Barrett is the first-place winner in the general fiction category of the 2011 Florida Book Awards, announced last month. The recognition was for her collection of short stories, Magpies. The New Jersey native received her bachelor's in English from Mount Holyoke College and her MFA from the University of North Carolina at Greensboro. We caught up with the author as she traveled through Northern California while on a one-year sabbatical from her position as a professor in the MFA program in creative writing at Florida International University. She will read from and sign Magpies on April 16 at Inkwood Books in Tampa.
What's on your nightstand?
I always have a stack of books. I like reading a variety, and I tend to read a lot of collections. I've got A Kind of Flying by Ron Carlson. I keep going back to Ron Carlson. It's his fullness of character and the world and, at the same time, his characters take surprising turns. I think, for me, I can say that about William Trevor and Colette, too.
And what else in on your nightstand?
Numbers in the Dark: And Other Stories by Italo Calvino, with Glaciation being my favorite. A Warning to the Curious by M.R. James. It's a collection of ghost stories. I've got the novel Night Swim by Jessica Keener, Susan Orlean's Rin Tin Tin and Jessica Kerwin Jenkins' An Encyclopedia of the Exquisite. It has different entries pointing out something she deems exquisite, the beautiful and the sublime. So, with my nightstand, I think by reading things in juxtaposition. It frees me up to reinvent myself. I like to include something that is older, something that is contemporary and that sort of thing.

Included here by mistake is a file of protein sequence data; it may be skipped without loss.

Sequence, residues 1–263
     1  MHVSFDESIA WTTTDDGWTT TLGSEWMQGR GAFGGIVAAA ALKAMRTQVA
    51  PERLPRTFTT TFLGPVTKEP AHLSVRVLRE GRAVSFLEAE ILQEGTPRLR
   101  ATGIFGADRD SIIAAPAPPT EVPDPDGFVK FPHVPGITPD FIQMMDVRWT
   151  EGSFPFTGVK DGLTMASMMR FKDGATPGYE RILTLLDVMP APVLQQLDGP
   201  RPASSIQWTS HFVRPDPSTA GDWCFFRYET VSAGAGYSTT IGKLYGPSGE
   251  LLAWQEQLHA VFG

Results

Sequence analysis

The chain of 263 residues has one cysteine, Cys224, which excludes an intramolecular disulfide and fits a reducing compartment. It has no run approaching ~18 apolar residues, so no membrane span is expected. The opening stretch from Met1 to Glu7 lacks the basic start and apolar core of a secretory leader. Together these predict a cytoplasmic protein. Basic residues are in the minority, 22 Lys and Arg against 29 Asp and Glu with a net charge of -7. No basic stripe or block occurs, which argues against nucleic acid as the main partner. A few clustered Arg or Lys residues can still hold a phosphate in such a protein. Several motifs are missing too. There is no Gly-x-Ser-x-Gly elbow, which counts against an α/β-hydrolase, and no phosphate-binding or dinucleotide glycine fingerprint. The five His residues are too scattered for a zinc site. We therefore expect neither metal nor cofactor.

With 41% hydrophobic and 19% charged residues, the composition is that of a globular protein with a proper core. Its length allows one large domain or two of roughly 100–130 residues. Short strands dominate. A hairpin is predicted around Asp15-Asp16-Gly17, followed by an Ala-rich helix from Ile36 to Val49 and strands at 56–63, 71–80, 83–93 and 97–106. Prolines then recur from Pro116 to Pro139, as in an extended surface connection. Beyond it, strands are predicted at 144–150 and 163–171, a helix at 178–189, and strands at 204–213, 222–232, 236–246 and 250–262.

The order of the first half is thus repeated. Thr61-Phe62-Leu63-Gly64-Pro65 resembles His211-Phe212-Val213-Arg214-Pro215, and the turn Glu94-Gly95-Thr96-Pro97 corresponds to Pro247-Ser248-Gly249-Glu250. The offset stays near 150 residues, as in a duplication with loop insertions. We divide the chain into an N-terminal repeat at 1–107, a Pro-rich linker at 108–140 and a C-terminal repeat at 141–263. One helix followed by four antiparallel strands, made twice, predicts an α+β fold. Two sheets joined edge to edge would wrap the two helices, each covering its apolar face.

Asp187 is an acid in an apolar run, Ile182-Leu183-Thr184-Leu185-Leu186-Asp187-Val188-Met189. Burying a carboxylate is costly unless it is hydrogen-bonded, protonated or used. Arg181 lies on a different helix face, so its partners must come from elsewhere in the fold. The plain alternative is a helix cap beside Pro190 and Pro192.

Can you mention another go-to writer?
Colette, and my favorite short story by Colette is The Hand, and then I also love her long story Belle-Vista.
Why do you choose to write short stories?
I like to think that it's about the quality of everything you thought was there, and how it turns upside down. It's how the main character, the (point of view) character had his or her world understood, but then how it is goes upside down. There's such a pleasure and completeness in the compact size of a short story.
Piper Castillo, Times staff writer